WHat I mean is...it seems there are so many different vitamins and minerals out there that humans need...it's near impossible to keep track of what you are/aren't getting or if you are/aren't getting enough of it...HELP.
this isn't what i'd call common and is limited to those that may not care for their health/may not get enough calories/exposure to sun. you said "vegans." veganism is a lifestyle choice based on ethics and not limited to diet. i know many vegans who are obese and otherwise don't care about their health.
I think that often people care about their health but aren't quite sure how to go about being healthy...you told me that one should get nutrients from food, not a pill. Please tell me some foods that will provide me with vitamin b12 (other than seaweed) and calcium.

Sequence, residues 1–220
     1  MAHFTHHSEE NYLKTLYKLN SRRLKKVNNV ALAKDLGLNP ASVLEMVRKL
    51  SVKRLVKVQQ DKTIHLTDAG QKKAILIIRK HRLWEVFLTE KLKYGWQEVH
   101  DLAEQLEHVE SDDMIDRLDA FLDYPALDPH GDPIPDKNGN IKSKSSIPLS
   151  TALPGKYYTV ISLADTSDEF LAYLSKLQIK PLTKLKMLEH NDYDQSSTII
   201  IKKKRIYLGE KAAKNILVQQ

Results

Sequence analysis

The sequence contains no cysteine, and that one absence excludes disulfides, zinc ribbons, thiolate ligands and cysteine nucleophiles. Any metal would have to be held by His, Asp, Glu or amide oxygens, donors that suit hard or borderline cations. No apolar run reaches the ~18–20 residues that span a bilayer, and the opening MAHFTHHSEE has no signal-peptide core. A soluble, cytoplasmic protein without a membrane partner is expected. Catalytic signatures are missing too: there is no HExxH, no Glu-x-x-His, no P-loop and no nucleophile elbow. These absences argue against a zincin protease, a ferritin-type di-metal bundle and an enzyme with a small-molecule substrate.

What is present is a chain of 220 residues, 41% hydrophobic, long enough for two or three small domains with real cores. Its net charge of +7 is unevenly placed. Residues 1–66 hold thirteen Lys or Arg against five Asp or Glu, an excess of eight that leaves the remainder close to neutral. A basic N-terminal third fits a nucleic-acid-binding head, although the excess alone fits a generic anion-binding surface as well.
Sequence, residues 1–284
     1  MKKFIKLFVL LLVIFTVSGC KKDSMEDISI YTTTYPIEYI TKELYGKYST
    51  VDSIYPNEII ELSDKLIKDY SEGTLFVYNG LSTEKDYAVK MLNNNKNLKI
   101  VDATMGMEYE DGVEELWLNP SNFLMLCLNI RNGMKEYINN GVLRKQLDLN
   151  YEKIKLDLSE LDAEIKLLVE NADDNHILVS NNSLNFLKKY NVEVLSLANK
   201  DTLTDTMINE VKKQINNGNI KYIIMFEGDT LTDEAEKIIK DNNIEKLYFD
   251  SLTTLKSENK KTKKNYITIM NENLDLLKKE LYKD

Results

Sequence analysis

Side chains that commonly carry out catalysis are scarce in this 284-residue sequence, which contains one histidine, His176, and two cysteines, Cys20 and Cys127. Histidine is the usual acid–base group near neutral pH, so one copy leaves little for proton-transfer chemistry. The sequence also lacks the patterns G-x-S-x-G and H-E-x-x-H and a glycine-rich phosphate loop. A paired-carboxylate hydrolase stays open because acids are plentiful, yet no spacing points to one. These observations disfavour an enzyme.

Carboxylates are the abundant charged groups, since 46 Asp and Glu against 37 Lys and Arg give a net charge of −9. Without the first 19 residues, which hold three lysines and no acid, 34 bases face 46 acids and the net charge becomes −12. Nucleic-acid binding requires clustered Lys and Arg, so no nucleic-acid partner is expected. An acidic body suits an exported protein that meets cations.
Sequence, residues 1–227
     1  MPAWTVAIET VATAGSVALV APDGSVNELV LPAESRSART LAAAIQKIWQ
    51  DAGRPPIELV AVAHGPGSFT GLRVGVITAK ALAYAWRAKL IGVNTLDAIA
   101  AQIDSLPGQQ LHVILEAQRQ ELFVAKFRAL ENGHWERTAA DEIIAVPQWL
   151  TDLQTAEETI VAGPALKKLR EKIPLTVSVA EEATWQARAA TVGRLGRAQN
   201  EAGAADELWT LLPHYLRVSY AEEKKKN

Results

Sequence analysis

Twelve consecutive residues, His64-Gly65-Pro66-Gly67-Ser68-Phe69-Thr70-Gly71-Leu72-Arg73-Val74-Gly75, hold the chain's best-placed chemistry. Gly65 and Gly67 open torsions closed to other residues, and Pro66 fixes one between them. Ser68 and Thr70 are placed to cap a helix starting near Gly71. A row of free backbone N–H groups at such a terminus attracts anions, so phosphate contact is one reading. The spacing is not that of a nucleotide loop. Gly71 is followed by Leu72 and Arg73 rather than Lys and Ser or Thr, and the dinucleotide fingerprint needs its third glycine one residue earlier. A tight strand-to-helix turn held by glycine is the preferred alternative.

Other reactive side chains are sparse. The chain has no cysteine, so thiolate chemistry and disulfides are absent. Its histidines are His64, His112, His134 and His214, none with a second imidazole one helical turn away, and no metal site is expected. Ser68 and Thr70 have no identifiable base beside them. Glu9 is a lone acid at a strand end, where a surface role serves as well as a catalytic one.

Calcium is in a lot of foods but concentrated in green leafy vegetables. I usually get 120%+ of my RDA of calcium easily (get enough calories, of course, and eat your greens).
B12 is made from bacteria, as rawcanadian said, so this is one that is supplemented for everyone (in animal feeds) or if you eat dirt, you will get it. It's also best taken sublingually for everyone, not just vegans, so that is one that is good to take in pill form. :)
ok, thank you! is it necessary to take it in pill form though? I've heard from some that B12 is not that big of a deal for most people...is this true? what if I only eat seaweed and take no supplement?
Sublingual is good. Shots are what I take. FWIW I was deficient before becoming vegan because of various digestive issues. Many non-vegans are deficient in B12 digestive issues or not - it's really a commentary on the quality of food these days. The soil is vastly depleted and animals are fed gawd-awful things, so supplementing is something I believe in and would recommend it to my more carnivorous friends as well. Not to mention the lack of nutrition in our convenient, highly-processed, fast foods. If the planet was in a less run down state, then I suppose we wouldn't have to supplement at all. It's not a ding on the diet, but rather how we've managed the soil/pollutants.